Friday, April 28, 2006

What did the European Parliament find?

Giovanni FavaThe European Parliament, described for some reason, by an Associated Press writer as “EU lawmakers” and “legislators” (which just goes to show that journalists are lazy everywhere) has been trying to find out the truth about the CIA prisons and clandestine flights that allegedly took terror suspects away to be tortured in various unsavoury places (that the EU is normally very friendly with).

To be quite precise, the committee has made up its mind some time ago and is now looking for corroboration rather than evidence. They have run into some trouble.

The committee has been unable to point to any evidence for those prisons, but they are still looking and intend to travel to various countries were supposed to have been situated. The story of the prisons is supposed to the one leaked by Mary McCarthy to Dana Priest of the Washington Post, for which the latter won the Pulitzer Prize.

In the meantime the would-be legislators have released a preliminary report, to which neither the American nor the EU authorities have reacted. The document was written by Giovanni Fava, an Italian socialist MEP.

Its gist was that
“…data gathered from air safety regulators showed that the CIA had flown 1,000 undeclared flights over Europe since 2001, sometimes stopping on the Continent to transport terrorism suspects kidnapped inside the European Union to countries using torture.”
On the one hand the report accuses the CIA of violating the Chicago Treaty
“that requires airlines to declare routes and stopovers for planes with police missions”.
On the other hand Signor Fava acknowledged
“that in some cases it was very unlikely that the European authorities had been unaware of suspects being arrested on their territory”.
The CIA is not denying special renditions, which began, as we now know, under President Clinton:
“The CIA declined to comment on the specifics of the report, but an agency spokesman in Washington defended the practice of renditions. "Renditions are an anti-terror tool that the United States has used for years, consistent with its laws and treaty obligations," said Paul Gimigliano. "The CIA does not condone or tolerate torture, transport individuals to other countries for the purpose of torture, or knowingly receive intelligence obtained by torture."”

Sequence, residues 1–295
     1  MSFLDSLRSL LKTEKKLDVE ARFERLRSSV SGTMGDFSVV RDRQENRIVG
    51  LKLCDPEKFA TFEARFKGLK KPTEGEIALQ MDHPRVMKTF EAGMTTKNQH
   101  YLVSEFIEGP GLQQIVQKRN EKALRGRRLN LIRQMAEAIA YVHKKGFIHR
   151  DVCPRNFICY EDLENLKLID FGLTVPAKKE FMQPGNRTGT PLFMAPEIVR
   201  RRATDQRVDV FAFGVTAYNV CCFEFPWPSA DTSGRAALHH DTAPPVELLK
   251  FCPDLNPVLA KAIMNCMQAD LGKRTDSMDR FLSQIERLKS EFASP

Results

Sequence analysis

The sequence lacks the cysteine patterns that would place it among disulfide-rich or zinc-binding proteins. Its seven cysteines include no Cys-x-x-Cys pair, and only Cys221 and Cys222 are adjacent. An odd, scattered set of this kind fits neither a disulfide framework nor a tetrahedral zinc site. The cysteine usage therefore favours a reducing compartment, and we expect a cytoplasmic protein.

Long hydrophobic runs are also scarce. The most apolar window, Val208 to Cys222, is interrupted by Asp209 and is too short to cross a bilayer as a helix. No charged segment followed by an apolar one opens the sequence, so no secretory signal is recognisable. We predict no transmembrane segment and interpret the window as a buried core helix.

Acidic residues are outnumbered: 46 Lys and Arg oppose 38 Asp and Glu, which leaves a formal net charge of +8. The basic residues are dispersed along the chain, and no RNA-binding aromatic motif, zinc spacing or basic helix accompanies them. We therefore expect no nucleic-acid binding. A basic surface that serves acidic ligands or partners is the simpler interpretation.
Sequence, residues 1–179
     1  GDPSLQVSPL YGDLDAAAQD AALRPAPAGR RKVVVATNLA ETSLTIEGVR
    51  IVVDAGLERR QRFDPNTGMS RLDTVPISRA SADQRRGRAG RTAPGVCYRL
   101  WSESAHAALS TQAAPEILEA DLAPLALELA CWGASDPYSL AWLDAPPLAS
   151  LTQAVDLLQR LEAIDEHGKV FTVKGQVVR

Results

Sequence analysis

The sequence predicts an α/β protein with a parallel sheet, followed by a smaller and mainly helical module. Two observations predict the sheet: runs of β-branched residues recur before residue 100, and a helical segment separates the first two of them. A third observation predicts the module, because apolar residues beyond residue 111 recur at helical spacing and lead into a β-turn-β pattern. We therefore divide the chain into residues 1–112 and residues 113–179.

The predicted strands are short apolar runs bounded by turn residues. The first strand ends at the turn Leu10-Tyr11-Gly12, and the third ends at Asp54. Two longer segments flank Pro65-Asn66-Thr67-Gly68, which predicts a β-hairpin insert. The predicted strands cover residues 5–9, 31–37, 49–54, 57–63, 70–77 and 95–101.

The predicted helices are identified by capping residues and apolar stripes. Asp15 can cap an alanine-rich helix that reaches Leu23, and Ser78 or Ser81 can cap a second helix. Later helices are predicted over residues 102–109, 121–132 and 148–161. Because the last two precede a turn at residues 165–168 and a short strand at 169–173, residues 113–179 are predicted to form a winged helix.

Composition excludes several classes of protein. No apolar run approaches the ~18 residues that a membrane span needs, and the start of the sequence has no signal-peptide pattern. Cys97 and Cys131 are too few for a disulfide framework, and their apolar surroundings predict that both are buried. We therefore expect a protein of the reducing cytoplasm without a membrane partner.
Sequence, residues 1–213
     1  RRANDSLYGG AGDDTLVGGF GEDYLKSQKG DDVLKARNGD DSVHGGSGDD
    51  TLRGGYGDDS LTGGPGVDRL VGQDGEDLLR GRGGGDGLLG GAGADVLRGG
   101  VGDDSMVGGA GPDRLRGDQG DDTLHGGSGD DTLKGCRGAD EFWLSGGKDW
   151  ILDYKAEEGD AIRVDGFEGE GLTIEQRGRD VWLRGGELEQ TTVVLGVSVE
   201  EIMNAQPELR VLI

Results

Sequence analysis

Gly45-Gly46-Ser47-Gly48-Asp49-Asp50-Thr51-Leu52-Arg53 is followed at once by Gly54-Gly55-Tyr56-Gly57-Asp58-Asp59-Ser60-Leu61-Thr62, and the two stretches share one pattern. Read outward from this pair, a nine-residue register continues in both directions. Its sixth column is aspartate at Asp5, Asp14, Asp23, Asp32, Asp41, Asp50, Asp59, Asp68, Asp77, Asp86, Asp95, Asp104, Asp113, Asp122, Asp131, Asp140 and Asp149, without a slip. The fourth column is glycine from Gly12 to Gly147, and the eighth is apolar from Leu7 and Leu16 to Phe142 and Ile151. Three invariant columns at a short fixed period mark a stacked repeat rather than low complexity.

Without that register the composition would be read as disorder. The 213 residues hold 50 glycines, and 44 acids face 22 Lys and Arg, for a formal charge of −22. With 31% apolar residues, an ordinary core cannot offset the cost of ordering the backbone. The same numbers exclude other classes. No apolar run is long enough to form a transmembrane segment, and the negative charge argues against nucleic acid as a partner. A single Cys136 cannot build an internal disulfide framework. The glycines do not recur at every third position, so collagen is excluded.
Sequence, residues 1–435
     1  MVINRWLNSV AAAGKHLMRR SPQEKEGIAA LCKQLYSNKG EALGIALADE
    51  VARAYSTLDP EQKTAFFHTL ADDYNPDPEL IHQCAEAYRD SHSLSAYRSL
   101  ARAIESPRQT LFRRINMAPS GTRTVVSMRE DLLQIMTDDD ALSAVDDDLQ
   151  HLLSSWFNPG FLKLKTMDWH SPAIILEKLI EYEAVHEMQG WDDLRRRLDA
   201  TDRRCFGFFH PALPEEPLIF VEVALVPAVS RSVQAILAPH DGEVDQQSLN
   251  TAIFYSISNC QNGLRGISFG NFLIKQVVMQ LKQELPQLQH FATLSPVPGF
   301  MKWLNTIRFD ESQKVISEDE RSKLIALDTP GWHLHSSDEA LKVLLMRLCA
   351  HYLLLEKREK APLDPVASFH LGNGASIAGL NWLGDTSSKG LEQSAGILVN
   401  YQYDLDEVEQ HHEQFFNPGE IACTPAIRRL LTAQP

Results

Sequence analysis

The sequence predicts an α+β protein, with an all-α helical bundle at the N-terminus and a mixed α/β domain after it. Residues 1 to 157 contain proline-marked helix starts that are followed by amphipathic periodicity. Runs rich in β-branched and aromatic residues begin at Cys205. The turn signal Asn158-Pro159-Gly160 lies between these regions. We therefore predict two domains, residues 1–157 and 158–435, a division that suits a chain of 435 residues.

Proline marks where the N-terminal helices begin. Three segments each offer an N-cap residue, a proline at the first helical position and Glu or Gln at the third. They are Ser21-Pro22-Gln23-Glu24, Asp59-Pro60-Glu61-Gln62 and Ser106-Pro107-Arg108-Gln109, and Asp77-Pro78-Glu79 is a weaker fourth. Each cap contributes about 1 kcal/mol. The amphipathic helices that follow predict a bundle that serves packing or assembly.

The Dutch Green MEP and human rights activist, Kathalijne Buitenweg whom we have quoted before, has once again come up trumps:
“Condoleezza Rice says rendition programs save lives, and we don't accept this.”
Why not, one wonders.
“In Europe, we will seize cocaine if we find it on a plane, but we are turning a blind eye to the transport of human beings to be tortured, and this is unacceptable.”
What a lot of unacceptance. I wonder what the lady would find acceptable? More terrorist attacks? People murdered as Theo van Gogh was? Politicians being permanently guarded, as some of Ms Buitenweg’s colleagues are in the Netherlands, because of threats by Islamists? I don’t believe we have heard Ms Buitenweg’s comments on Ayaan Hirsi Ali and what she has had to put up with.

Still, the answer is there, if you look for it:
“Legislators said the lack of a cohesive EU-wide terrorism policy was undermining counterterrorism cooperation in Europe and allowing abuses.”
No, the International Herald Tribune does not know the truth about the Toy Parliament either. Legislators, indeed.

Still, the proposal is interesting. There is, for example, no suggestion that, apart from the possible odd mistake, the people, supposedly taken away by the CIA were not terrorists or, at least, would-be terrorists.

The logic is that by not having an EU-wide terrorism policy, the Americans have been allowed to pursue their own, with the help of individual governments and, one must assume, security forces. Therefore, we must have that cohesive policy in order to stop the American war on terror.


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